TagLouisiana

Louisiana citizens wise up to pipeline dangers

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For most of the last eight decades or so that Big Oil’s had its way with the state of Louisiana, it was rare — unheard of, really — for local residents to oppose an energy-related project. For most folks, environmentalism — opposing new drilling or unsightly pipelines in your backyard — was something that maybe “the Yankees” did, but not Louisianans. And...

Christmas comes early for La. pollution fighters

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A few months ago, I told you about the latest public health crisis in Louisiana’s “Cancer Alley” — the strip of heavily polluting refineries, chemical plants and other industrial facilities that line the banks of the Mississippi River from Baton Rouge all the way down past New Orleans. Many of the most threatened community are predominantly poor and predominantly black...

America’s water crisis slams a small La. town

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America’s crisis over the lack of safe drinking water feels like it’s spiraling out of control these days. It was just a couple of days ago that I told you about an emergency in Corpus Christi, Texas, where shoddy practices by a local Big Oil subsidiary had caused gallons of a highly toxic, carcinogenic chemical to back up into the Gulf Coast city’s main water supply. The crisis...

How Dakota pipeline firm also threatens Louisiana

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There was some very good news this week on the environmental front, for a change. At a moment when things looked darkest for the stirring protest movement against the Dakota Access pipeline — with a brutal winter bearing down on the rural North Dakota protest site and authorities threatening to clear out their encampment — there was a dramatic reversal of fortune. Army officials...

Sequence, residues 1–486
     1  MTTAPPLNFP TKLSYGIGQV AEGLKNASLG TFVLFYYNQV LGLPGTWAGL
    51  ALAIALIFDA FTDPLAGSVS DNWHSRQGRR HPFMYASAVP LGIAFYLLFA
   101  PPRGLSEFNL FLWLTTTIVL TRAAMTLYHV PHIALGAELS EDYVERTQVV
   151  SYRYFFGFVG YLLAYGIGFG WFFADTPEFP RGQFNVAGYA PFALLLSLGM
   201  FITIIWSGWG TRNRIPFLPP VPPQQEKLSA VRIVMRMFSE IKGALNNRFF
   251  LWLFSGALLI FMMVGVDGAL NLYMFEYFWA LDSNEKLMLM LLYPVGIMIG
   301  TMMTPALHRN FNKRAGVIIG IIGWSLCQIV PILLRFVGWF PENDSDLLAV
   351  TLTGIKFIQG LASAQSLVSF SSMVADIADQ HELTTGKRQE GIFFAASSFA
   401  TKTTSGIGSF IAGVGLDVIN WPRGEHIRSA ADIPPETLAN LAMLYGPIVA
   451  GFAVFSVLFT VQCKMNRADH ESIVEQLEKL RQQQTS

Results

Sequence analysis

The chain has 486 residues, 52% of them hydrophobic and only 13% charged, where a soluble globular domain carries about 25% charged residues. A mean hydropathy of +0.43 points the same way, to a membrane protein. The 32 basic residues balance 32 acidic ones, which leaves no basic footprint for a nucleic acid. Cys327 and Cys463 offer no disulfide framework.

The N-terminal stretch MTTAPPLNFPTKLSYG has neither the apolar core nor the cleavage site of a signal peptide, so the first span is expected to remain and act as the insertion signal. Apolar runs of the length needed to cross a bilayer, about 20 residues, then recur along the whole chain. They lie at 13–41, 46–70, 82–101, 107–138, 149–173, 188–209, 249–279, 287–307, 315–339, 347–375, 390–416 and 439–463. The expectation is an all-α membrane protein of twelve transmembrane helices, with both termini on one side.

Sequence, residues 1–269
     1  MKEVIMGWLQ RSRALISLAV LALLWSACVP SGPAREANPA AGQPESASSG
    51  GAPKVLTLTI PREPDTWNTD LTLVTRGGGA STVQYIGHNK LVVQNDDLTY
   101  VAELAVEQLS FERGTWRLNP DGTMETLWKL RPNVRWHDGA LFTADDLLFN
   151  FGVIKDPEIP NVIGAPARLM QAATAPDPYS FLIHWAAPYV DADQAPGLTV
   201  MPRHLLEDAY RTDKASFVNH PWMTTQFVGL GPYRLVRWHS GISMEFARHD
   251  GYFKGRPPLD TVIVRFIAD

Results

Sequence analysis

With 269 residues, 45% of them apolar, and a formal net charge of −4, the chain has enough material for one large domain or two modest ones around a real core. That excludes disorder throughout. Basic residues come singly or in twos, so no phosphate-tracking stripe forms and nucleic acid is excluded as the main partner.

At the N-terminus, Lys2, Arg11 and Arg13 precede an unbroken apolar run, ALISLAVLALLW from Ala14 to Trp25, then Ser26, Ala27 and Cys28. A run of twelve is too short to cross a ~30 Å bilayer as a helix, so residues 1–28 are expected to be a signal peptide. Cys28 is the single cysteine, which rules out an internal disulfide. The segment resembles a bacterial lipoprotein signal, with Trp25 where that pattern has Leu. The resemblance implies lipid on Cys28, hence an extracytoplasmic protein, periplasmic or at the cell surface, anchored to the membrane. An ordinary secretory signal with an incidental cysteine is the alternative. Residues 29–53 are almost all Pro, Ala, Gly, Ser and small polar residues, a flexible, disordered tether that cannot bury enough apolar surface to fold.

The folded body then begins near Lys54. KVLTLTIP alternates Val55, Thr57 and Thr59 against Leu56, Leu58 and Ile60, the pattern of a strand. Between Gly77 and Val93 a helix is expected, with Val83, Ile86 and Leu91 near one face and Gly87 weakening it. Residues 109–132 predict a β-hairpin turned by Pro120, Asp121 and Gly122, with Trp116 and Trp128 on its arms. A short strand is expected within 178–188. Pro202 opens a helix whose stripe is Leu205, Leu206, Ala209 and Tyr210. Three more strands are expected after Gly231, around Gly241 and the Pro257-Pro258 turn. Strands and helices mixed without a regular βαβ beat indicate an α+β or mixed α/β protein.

They still don’t take seafood safety seriously in the Gulf

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In more than a quarter century as an environmental lawyer, I’ve learned a lot about the mostly ineffective ways that government regulators do their jobs — and that learning curve definitely accelerated in those first few months after the 2010 Deepwater Horizon oil spill. Time and time again, I — and others in the environmental community here in Louisiana — watched in those...

New York Times on climate change: It’s here

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Labor Day weekend hasn’t been a holiday from fear along the East Coast — especially at the Jersey Shore, which is normally booming with tourists from the traditional end of summer vacation. As I write this, Tropical Storm Hermine is strengthening into a hurricane — just as it was when it battered central Florida on its meandering journey northward — and threatening to lash...

How global warming boosted yet another ‘500-year storm’ in Louisiana

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If you’ve watched the news out of Louisiana this weekend, you’ve surely seen clips of the epic flooding in my native state. Entire communities submerged. Heroic rescues of people and their pets from their submerged vehicles or the roofs of their homes. Even Louisiana’s governor, John Bel Edwards, had to leave the governor’s mansion because the basement was filled with...

Louisiana’s Green Army declares war on polluters

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For time to time, I’ve kept readers here up to date on Gen. Russel Honore — the retired military leader who provided strong, much-needed leadership in Louisiana’s dark days after Hurricane Katrina — and his environmental group, the Green Army. At one time, there was a lot of speculation that Honore’s “army” would prove to be his foot soldiers in the...

Whistleblower gets justice in Louisiana DNR corruption case

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The wheels of justice turn slowly, but the good news is that they still turn — even in the cesspool of political corruption that is my home state of Louisiana. Many times on this website, I’ve written about the uselessness of the state’s regulatory agencies — which basically exist to aid and abet Big Oil and Gas, and not the average citizen or Louisiana’s fragile...

‘Cancer Alley’ is about to get 30 percent worse, if that’s possible

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Too many times in the past, I’ve taken to this blog to write about the latest pollution outrage in the stretch of Louisiana nicknamed “Cancer Alley.” If you’ve been to my native state or even flown over Louisiana bayou country, you’ve certainly seen it: Large refineries or petrochemical processing plants,  shiny, smoke-shrouded jumbles of steel pipes and massive...

Stuart H. Smith is an attorney based in New Orleans fighting major oil companies and other polluters.
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